Councilmembers demand more details on NYC lead inspections in schools
This story was originally published by Chalkbeat, a nonprofit news organization covering public education. Sign up for their newsletters here.
City Council members pressed Education Department officials Wednesday on the robustness of lead inspections in schools and pushed them to release records of past work to remove the toxin.
The questioning was part of an hourslong oversight hearing of lead laws and regulations, which focused on how New York City agencies have fallen short in eradicating childhood lead exposure. It comes nearly a year after Mayor Bill de Blasio announced a renewed plan to eliminate childhood lead exposure by 2029, and a few months after the Education Department found and fixed lead hazards in 1,860 classrooms before the start of the school year.
Lead exposure at a young age can cause long-lasting developmental delays, is linked to problems with learning, and can cause aggressive behavior. Even after officials testified, Councilmember Mark Treyger, who oversees the council’s Education Committee, remained unhappy with the answers.
“It is clear to me we have a lot more work to do,” Treyger said.
Following a WNYC investigation on lead hazards in schools, the Education Department conducted a systemwide inspection of classrooms this summer in buildings built before 1985, which are most likely to have lead paint, and that serve children in first grade and younger. For the first time, the department posted results online, but says it has regularly tested classrooms for years by requiring custodians to report peeling paint, which result in chips or dust that children can ingest. Following a custodian’s report, an outside company is supposed to conduct its own test, which includes so-called XRF scanning, or X-rays, to detect lead levels.
Experts have said this protocol follows the letter of the law, but could be improved in several ways, such as testing for lead dust from the start and using an XRF scanner in every classroom whether or not paint is peeling. Treyger, who has advocated for this sort of proactive XRF testing, raised the point again during Wednesday’s hearing, saying the Education Department’s current procedures are “inaccurate.”
The city hired Ernst & Young to review the city’s lead protocols and will provide a final report by the end of the year, said Kathryn Garcia, the city’s senior advisor for citywide lead prevention and commissioner of sanitation. In August, Chalkbeat requested copies of any contracts with Ernst & Young on this review, but has not yet received any records.
Treyger also pushed Wednesday for the Education Department to test school hallways. After pressure from city officials, the department said it would test libraries and cafeterias this fall and next month will begin inspecting auditoriums, bathrooms, and gyms in buildings with young children.
Just as Wednesday’s hearing began, officials announced they had inspected 880 old school buildings with young children and found hazardous lead conditions in 326 cafeterias and 171 libraries. Officials removed, sealed, and painted over the deteriorating walls. Students have been allowed back into these areas, according to the Education Department, since the walls are “covered and inaccessible,” though final dust wipe clearance and more extensive cleaning that started last month won’t be done until the end of the school year.
During the hearing, Treyger questioned whether records of past inspections exist. They do and date back to 2004, said Rana Khan, deputy chief of school operations.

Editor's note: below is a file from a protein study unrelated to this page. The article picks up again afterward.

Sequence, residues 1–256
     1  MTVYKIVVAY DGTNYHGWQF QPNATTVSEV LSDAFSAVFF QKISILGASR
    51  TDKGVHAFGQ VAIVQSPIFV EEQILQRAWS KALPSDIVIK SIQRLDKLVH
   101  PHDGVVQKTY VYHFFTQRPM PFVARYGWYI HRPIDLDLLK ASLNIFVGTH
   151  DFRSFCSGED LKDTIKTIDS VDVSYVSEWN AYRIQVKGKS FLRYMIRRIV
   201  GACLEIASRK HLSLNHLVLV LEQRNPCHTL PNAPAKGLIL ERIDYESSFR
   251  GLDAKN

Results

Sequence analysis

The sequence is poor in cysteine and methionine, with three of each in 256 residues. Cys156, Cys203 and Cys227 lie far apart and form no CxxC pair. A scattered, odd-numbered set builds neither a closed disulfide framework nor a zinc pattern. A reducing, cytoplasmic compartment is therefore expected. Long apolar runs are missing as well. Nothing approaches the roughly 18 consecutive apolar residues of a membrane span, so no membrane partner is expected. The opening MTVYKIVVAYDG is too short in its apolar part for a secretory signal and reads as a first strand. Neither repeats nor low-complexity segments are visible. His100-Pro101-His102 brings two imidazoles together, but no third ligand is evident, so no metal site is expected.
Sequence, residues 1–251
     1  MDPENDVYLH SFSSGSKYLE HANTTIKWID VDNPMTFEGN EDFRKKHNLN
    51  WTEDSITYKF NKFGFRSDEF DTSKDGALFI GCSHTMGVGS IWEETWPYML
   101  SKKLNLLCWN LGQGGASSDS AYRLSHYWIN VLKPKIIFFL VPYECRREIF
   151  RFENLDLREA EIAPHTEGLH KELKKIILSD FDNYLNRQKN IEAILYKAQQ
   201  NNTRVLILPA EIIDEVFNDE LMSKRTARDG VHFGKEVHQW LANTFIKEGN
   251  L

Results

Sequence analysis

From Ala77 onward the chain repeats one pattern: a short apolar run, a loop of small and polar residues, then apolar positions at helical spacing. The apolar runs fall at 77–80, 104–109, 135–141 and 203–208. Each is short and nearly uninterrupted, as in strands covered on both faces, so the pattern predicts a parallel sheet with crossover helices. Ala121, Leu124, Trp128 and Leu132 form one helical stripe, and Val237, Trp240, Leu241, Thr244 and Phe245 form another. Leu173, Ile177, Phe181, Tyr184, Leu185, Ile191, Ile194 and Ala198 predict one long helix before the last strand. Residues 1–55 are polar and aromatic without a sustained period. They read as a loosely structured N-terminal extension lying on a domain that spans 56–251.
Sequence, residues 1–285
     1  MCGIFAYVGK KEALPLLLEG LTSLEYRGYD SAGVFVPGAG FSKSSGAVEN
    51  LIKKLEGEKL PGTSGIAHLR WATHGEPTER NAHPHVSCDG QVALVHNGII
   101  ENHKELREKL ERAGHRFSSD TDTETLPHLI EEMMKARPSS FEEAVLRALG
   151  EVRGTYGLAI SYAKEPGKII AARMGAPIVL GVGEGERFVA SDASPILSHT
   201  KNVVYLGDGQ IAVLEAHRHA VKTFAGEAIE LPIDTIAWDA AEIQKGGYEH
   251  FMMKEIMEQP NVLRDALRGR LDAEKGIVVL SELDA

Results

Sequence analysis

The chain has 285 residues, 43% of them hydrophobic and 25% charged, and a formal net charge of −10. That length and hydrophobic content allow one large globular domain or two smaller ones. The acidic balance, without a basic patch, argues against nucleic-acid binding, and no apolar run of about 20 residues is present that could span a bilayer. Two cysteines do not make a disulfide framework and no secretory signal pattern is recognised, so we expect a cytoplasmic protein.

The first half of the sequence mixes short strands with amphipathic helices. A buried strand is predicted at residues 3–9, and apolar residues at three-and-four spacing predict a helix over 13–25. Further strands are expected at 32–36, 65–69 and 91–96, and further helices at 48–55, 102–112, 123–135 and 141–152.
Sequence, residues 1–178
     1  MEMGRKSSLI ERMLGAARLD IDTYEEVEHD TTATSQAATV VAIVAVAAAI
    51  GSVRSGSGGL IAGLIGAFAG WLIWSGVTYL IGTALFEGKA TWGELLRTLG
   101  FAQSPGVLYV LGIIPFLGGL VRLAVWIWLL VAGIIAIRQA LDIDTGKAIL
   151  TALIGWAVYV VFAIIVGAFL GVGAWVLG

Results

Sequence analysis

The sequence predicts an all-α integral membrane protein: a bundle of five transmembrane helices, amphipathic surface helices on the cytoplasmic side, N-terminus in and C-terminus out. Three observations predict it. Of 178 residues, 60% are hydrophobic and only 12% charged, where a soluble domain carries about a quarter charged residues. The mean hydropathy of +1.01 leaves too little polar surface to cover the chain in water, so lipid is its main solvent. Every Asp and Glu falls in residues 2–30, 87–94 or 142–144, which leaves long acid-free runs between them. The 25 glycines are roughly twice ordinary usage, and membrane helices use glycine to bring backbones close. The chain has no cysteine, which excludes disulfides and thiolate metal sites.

“We’ve asked for those records previously, and they have not been turned over to us,” Treyger said. Chalkbeat filed an open records request in July for inspection data over the past five years, which the city has since delayed. During his own testimony, City Comptroller Scott Stringer said he will subpoena the Education Department for those records if they don’t release them voluntarily by next month.
Education officials were also asked about their coordination with other city agencies on lead. For example, when a child’s blood test shows high lead levels — anything above 5 micrograms per deciliter — their pediatrician is supposed to report it to city health officials. Then, city inspectors try to find potential sources for the lead by testing places where the child spends a lot of time, such as their apartment or, in some cases, their school. In this case, Education Department officials would oversee testing inside their schools. Treyger asked if families whose children attend those schools are notified when a classroom is found to have hazardous lead during one of those health-department-prompted investigations. Khan said no.
“That’s a problem, and that has to change,” Treyger said.
Matthew Chachere, a longtime attorney who for years has advocated for stricter enforcement of lead violations in private housing, said it is an “inherent conflict of interest” to allow the Education Department to visually inspect its own buildings when the health department alerts them to a case of possible lead exposure. Health officials said it is more efficient to have Education Department staff do their own inspections.
“Suppose there is a child with an elevated level of blood, and the health department said (to an apartment owner), “We have a report, and we will let you do a visual inspection of your apartment,’” Chachere said during his own testimony. “I don’t think anyone would accept that paradigm.”
City officials could not answer a question from Councilmember Stephen Levin on whether a school was ever the sole source of lead exposure for any child who had a high level of lead in their blood. Corinne Schiff, deputy commissioner for environmental health, said she would find the answer to Levin’s question but suspected the number was “minuscule.”
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